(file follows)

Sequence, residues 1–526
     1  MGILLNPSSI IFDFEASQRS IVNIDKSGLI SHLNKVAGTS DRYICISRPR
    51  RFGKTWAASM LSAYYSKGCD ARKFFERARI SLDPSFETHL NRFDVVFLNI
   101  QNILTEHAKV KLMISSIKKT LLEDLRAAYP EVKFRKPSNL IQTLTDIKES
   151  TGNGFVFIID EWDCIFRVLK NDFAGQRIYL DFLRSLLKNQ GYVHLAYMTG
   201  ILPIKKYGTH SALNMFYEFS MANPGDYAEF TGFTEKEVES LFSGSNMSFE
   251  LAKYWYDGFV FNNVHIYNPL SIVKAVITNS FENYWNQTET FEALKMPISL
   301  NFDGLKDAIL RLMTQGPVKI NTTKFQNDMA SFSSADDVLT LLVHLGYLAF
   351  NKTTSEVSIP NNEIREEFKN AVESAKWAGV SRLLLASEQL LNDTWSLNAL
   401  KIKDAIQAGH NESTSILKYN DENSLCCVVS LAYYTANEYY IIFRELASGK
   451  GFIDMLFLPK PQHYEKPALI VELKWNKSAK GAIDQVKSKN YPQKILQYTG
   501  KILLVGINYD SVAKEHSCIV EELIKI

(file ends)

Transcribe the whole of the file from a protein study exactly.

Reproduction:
Sequence, residues 1–526
     1  MGILLNPSSI IFDFEASQRS IVNIDKSGLI SHLNKVAGTS DRYICISRPR
    51  RFGKTWAASM LSAYYSKGCD ARKFFERARI SLDPSFETHL NRFDVVFLNI
   101  QNILTEHAKV KLMISSIKKT LLEDLRAAYP EVKFRKPSNL IQTLTDIKES
   151  TGNGFVFIID EWDCIFRVLK NDFAGQRIYL DFLRSLLKNQ GYVHLAYMTG
   201  ILPIKKYGTH SALNMFYEFS MANPGDYAEF TGFTEKEVES LFSGSNMSFE
   251  LAKYWYDGFV FNNVHIYNPL SIVKAVITNS FENYWNQTET FEALKMPISL
   301  NFDGLKDAIL RLMTQGPVKI NTTKFQNDMA SFSSADDVLT LLVHLGYLAF
   351  NKTTSEVSIP NNEIREEFKN AVESAKWAGV SRLLLASEQL LNDTWSLNAL
   401  KIKDAIQAGH NESTSILKYN DENSLCCVVS LAYYTANEYY IIFRELASGK
   451  GFIDMLFLPK PQHYEKPALI VELKWNKSAK GAIDQVKSKN YPQKILQYTG
   501  KILLVGINYD SVAKEHSCIV EELIKI